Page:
RIYL: Belle & Sebastian

January 15, 2015
photo: Belle & Sebastian

Across nearly two decades and eight critically adored albums, Scottish band Belle & Sebastian has placed itself at the upper echelon of indie rock.

Of course that's not to say high society is a suitable label for the group: song subjects range from licking public railings to smooching in the staircase during English class to racist taxi passengers. 

The literate and pop-sensible collective will release its ninth album "Girls in Peacetime Want to Dance" next week, but it's streaming now at NPR Music. The band's tour in support of the album will include a stop at Bonnaroo and at Red Rocks on June 17.

If you're a Belle & Sebastian fan, here are some artists we recommend:

The Vaselines

These fellow Scots undoubtedly influenced B&S' lyrical irreverence and knack for pop melodies. The most important lesson a band can take from the Vaselines, however, is to always have fun with music.

Jens Lekman

Mr. Lekman is one of many Swedish exports to master the craft of indie pop, albeit on his own, slightly off-kilter terms. With themes of unrequited, confused or just plain old-fashioned love, Lekman's music hits home for a generation of hopeless romantics.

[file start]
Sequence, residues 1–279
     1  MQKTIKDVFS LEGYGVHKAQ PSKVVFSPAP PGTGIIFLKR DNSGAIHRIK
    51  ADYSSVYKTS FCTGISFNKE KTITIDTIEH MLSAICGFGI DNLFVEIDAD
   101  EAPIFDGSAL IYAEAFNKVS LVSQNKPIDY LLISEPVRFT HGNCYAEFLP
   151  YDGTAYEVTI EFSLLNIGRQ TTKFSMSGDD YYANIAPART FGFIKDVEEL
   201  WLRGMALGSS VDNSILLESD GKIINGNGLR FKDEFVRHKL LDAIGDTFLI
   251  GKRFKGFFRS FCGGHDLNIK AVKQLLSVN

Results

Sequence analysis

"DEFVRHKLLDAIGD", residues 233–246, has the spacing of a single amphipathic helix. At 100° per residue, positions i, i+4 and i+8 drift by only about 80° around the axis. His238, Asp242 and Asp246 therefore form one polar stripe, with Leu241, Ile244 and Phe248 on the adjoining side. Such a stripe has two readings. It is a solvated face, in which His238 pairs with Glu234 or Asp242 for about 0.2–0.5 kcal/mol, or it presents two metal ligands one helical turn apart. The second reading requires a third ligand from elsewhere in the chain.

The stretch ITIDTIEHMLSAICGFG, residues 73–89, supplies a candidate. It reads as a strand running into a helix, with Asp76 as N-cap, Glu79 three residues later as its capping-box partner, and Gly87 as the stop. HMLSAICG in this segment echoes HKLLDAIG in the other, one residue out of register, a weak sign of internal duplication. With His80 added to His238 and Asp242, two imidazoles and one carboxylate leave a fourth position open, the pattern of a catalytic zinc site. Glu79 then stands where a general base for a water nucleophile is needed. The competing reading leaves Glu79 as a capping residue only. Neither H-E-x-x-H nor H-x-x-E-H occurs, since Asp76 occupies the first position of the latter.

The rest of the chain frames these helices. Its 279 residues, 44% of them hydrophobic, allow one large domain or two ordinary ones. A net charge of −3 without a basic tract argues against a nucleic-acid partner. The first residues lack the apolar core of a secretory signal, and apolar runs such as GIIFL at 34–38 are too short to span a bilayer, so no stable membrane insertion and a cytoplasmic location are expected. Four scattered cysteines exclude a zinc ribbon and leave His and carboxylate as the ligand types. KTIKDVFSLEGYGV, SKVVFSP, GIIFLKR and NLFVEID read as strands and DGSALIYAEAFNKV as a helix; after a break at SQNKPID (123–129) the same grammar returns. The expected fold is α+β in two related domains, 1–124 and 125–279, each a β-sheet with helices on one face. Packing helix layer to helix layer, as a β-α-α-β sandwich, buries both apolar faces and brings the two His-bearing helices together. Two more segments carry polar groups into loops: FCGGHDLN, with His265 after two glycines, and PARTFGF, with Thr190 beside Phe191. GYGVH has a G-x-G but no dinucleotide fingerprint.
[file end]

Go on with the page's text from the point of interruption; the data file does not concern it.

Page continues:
The Radio Dept.

This Swedish group's output has been sparse in its 20-year history, but that only renders its swimmingly charming synth-pop a sweeter delicacy.

Black Tambourine

Black Tambourine, like Belle & Sebastian, are often lumped into the unfortunately-named genre of "twee pop," characterized by wimpiness or childishness (it doesn't help that the latter band's name comes from a French book/TV series for kids).  

In reality, both are potent rock bands. Unfortunately, Black Tambourine only recorded ten noisey original songs in its brief but notable history.